Climate and soil variables driving the distribution of invasive earthworms in cropping systems of the Inland Pacific Northwest
Earthworms play an important role in agricultural soils, incorporating crop residue, enhancing aggregation, aeration and infiltration, and contributing to nutrient cycling. Earthworms also affect both soil organic carbon (SOC) and soil greenhouse gas (GHG) emissions via complicated and contradictory mechanisms. Earthworms break up organic matter and stimulate microbial activity, potentially increasing GHG emissions and decreasing SOC. Conversely, earthworms have been shown to increase plant growth and stabilize carbon in their casts leading to decreased GHG emissions and increased residence time of SOC. The overall impact of earthworms depends on their density and period of activity, which are in turn dependent on moisture and, to a lesser extent, soil temperature. Other biophysical factors also play secondary roles in modifying earthworm tolerance to changes in moisture and temperature. By improving our understanding of earthworm distribution under current environmental and climatic conditions, we can gain insight into potential impacts of climate change on these important soil organisms. Earthworms were collected from 40 sites across the wheat growing regions of Oregon, Washington and Northern Idaho during the springs of 2011 and 2012. Sampling will continue in 2013. Sites occurred across a climatic gradient consisting of 6 different recognized bioclimatic zones.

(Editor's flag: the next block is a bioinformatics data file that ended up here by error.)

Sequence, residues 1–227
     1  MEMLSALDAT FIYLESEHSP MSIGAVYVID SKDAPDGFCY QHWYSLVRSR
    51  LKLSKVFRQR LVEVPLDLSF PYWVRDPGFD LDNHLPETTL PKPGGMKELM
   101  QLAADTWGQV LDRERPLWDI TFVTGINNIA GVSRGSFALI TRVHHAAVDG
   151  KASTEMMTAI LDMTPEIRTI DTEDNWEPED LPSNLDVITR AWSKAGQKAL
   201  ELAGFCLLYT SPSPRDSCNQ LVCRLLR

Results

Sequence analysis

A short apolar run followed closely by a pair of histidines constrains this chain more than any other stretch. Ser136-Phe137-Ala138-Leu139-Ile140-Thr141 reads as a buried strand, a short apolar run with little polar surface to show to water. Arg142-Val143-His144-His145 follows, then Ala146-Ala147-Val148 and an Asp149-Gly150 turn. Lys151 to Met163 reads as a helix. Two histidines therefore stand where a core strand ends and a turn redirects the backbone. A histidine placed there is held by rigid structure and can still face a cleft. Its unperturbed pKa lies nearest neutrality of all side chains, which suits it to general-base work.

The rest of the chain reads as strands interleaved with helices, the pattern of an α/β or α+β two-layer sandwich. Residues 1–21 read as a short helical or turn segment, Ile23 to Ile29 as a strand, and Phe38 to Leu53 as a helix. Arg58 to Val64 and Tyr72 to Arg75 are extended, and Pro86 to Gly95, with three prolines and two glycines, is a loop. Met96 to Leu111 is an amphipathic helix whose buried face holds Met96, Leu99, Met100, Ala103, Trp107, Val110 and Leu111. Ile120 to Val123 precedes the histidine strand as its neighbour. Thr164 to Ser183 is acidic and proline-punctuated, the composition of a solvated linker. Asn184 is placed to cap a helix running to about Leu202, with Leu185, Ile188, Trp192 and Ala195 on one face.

Earthworm populations were dominated by the invasive species, Aporrectodea trapezoides, which represented 85% of adult specimens. Earthworms were found in 5 of the 6 agroecological zones with densities varying between and within zones, sites and years. Mean earthworm density for all sites was 113 earthworms m-2 in 2011 and 333 earthworms m-2 in 2012. Across sites and years, densities ranged from 2 to 1498 earthworms m-2. Similar patterns among agroecological zones occurred in both years. Earthworms were found at 100% of sites within zones receiving at least 350 mm mean annual precipitation. These higher rainfall zones also had the highest mean earthworm densities. In zones receiving 250-450 mm annual precipitation earthworms were found at less than one quarter of sites, with densities ranging from 14 to 241 earthworms m-2. Earthworms were not found in the lowest rainfall zone (less than 350 mm per year) even when irrigation was utilized. Trends in earthworm density did not follow strict precipitation gradients and suggest that factors other than mean annual precipitation play a role in determining earthworm density.